Wednesday, December 28, 2005

Do we need more watchdogs?

One of the activists among the survivors of the victims of 9/11 calls for another commission. I think it would be a waste of time, in light of the inability of Congress to set aside political games and just do something for the good of the country. No, it has to benefit labor unions, or maintain the fiefdoms of a bunch of committee chairs. And don't respond to any intelligence without a judicial hearing or a congressional debate, no matter whether it will be gone within moments.

I keep seeing the quote "Those who would give up Essential Liberty to purchase a little Temporary Safety, deserve neither Liberty nor Safety," attributed to Ben Franklin. I'm pretty sure he was talking about the choice between fighting for independence and repose in the tender mercies of the British. When we elected our own government, the equation changed somewhat. I don't see the efforts to protect us from terrorists as a limitation on any liberties I enjoy. I keep trying to understand what the Privacy Freaks are worried about. If we want absolute privacy, we shouldn't be living in society. We gave it up when we started living and trading with others.

Why should we have to hire watchdogs to watch the watchdogs we already have? I think Bush has been doing what he's supposed to and getting not a word of thanks for it. I'd almost like to see Hillary! get elected just to make a point, but only almost.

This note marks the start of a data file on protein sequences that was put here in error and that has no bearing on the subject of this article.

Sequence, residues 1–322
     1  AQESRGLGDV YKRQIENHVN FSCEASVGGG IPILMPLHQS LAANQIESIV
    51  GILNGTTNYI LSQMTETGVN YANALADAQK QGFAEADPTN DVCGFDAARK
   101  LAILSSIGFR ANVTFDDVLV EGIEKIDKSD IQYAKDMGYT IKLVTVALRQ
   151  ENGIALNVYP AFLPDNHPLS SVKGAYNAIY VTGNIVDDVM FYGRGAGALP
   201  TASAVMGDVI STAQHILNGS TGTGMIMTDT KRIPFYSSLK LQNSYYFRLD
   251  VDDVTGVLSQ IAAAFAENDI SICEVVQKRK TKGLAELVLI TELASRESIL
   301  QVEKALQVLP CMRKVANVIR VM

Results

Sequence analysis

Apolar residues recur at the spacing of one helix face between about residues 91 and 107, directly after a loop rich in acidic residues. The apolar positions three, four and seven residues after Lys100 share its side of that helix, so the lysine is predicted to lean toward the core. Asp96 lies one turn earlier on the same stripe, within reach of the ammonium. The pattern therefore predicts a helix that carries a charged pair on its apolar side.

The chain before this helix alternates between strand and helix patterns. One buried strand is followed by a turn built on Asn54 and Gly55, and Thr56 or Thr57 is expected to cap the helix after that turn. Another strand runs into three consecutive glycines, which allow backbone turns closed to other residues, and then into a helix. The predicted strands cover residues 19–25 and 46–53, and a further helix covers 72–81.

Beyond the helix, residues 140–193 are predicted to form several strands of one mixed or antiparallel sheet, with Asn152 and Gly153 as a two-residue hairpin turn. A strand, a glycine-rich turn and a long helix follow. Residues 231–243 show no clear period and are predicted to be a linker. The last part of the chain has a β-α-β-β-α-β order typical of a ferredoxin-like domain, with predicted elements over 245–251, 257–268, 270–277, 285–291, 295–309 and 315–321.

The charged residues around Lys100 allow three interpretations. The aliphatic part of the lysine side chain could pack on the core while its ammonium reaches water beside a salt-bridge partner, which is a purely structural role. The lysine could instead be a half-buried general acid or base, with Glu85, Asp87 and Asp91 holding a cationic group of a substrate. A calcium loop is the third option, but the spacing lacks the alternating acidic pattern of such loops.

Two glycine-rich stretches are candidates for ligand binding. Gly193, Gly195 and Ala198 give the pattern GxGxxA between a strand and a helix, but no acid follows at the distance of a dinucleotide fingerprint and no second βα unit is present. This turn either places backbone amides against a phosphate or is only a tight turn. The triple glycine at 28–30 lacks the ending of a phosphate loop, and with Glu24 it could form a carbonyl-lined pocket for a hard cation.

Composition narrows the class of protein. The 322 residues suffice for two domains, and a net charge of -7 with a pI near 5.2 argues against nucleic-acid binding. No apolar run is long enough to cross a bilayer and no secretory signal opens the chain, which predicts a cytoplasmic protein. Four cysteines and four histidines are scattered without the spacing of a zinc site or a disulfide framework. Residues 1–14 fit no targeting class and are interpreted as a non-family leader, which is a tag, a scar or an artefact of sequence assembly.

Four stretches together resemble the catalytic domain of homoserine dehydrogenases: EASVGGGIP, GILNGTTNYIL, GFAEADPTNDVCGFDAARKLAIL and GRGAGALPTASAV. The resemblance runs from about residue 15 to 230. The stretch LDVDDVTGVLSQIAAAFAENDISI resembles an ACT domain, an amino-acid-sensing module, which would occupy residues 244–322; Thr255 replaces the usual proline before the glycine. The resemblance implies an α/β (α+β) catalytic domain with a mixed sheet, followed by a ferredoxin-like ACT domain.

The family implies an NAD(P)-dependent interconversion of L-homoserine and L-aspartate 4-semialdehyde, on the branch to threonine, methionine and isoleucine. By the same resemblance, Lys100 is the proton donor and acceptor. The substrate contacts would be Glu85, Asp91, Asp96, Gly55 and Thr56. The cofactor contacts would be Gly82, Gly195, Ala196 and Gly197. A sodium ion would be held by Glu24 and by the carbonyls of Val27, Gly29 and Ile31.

Update: According to Robert F. Turner Ben Franklin wouldn't have applied his famous dictum to the president's authorization of NSA wiretaps:
First of all, the Founding Fathers knew from experience that Congress could not keep secrets. In 1776, Benjamin Franklin and his four colleagues on the Committee of Secret Correspondence unanimously concluded that they could not tell the Continental Congress about covert assistance being provided by France to the American Revolution, because "we find by fatal experience that Congress consists of too many members to keep secrets."


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